|Adobe Photoshop Basics|
The shortcut key for the type tool is T. In Photoshop 5, you'll notice a small arrow on the type tool button in the toolbox. As you know, this means there are additional tools hidden under the type tool. (Continued below...)
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The default type tool button allows you to create a new type layer. The second button allows you to create a type mask. The third button is for a vertical type layer, and the fourth is for a vertical type mask. You can toggle the four type tools by pressing Shift-T to cycle through them.
To create an ordinary type layer, you would select the type tool, then click once in your document to invoke the Type tool dialog box. Before you click in your document, take a moment to look at the I-beam cursor that appears when you move you mouse into the document area: Notice the small horizontal line that intersects the I-beam. This line indicates the baseline of the type. It is useful for when you need to align the baseline of your type with another object in your document, or for aligning type to a guideline.
Now click in your document and we'll take a look at the Type Tool dialog box.
This dialog contains all the options available for formatting your type. A preview of your type appears in the bottom portion of the dialog box. The dialog box can be resized by dragging on the edges. At the bottom of the dialog box, you have a checkbox for Fit in Window. This causes the text in the dialog box to scale so all the text fits in the dialog box preview. When this option is checked, the magnification controls to the left are disabled. If you have more text than what will fit in the preview area, and you want to view it at actual size, you will have to uncheck the fit to window box and set the magnification to 100%. Then you can use the scroll bars to view the text that falls outside the preview area. When the Preview box is checked, you will also be able to preview your text in the document window simultaneously.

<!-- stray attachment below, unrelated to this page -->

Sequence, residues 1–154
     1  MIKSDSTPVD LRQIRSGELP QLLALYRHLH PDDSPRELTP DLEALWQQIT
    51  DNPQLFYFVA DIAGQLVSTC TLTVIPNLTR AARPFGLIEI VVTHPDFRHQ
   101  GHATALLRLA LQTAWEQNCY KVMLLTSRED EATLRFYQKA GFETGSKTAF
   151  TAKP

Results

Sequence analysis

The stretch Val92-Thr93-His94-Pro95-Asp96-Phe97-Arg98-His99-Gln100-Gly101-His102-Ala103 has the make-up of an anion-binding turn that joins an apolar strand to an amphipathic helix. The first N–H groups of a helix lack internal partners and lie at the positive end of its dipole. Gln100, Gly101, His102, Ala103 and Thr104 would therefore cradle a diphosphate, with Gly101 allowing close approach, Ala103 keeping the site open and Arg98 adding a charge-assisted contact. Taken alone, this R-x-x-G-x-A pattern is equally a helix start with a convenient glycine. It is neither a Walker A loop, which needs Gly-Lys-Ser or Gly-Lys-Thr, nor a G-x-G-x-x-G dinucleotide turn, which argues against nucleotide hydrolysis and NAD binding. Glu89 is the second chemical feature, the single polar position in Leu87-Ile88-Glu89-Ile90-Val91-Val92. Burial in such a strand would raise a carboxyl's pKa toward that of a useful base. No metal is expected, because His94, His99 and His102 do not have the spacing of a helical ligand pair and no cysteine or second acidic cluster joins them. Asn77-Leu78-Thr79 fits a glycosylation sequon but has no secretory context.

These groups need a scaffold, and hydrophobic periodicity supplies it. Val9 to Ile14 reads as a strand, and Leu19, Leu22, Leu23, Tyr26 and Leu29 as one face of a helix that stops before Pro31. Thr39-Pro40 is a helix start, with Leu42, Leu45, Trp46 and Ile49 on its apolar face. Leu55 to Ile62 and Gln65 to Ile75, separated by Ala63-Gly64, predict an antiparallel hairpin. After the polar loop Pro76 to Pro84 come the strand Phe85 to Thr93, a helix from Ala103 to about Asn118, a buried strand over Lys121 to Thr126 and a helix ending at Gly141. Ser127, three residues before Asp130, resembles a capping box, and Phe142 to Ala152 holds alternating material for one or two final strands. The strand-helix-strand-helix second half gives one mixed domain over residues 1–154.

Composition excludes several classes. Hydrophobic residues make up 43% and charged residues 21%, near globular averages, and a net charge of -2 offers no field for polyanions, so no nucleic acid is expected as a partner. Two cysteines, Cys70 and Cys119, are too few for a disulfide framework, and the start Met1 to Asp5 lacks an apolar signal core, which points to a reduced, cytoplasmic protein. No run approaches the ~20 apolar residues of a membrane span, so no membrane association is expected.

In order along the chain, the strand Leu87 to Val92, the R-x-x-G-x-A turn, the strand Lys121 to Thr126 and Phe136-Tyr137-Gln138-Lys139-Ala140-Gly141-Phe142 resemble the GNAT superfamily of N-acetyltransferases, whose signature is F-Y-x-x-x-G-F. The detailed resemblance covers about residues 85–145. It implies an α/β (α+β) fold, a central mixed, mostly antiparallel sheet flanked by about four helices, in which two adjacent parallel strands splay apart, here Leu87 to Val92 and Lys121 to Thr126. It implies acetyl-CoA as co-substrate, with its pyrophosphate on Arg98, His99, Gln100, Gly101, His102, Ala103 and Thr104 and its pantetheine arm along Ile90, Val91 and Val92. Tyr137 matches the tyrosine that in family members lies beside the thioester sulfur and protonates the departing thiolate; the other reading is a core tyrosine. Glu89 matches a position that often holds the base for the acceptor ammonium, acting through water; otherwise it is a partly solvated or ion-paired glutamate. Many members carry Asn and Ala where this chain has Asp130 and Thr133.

|Notes for Version 5.5|
In Photoshop 5.5, you will have some additional options directly below the font and style menus: Underline, Faux Bold, and Faux Italic. Underline adds a line under your text. This is not available for vertical text. Faux Bold and Faux Italics allow you to apply these simulated styles to fonts that do not include these styles within the typeface. These options are not available in Photoshop 5.0.
The menus at the top of the dialog box allow you to choose the font and style. If you're not sure what font you want to use, you can highlight the text in the preview area, activate the font menu, and use the arrow keys to browse all your available fonts. The styles available will be dependent on the font selected. In my example, the font selected was Courier, and I have applied a different style to each word. You can change the formatting of individual words by dragging over them in the preview area to select them, then changing options. The color option, however, will be applied to the entire text layer and cannot be edited on an individual character basis.
In the next section of the dialog box, you have options for the size, color, alignment, kerning, leading, tracking and baseline. You set the size of the type by entering a number in the box. The default units are set to points, but you can change this to pixels using the drop-down menu. To change the type color, click on the color swatch and choose a new color from the color picker, or you can pick a color from your document by moving the cursor outside of the color picker window while it is open. The three buttons below the cancel button let you create left, centered, or right aligned text. The rotate checkbox is only available for vertical text. The baseline field lets you move individual letters above or below the baseline. A positive number moves the characters above the baseline, and a negative number moves characters below the baseline. Kerning, Leading and Tracking can be explored on your own with the help of the User Guide, online help, or these resources from About's Desktop Publishing site.
Last of all, there's the anti-aliasing options which we have already discussed, and a checkbox for Fractional Widths (Photoshop 5.5 only). Factional Widths is enabled by default. This option varies the spacing between characters to make it more readable. In some instances-such as for small type to be displayed on-screen-you may get better results by disabling this option.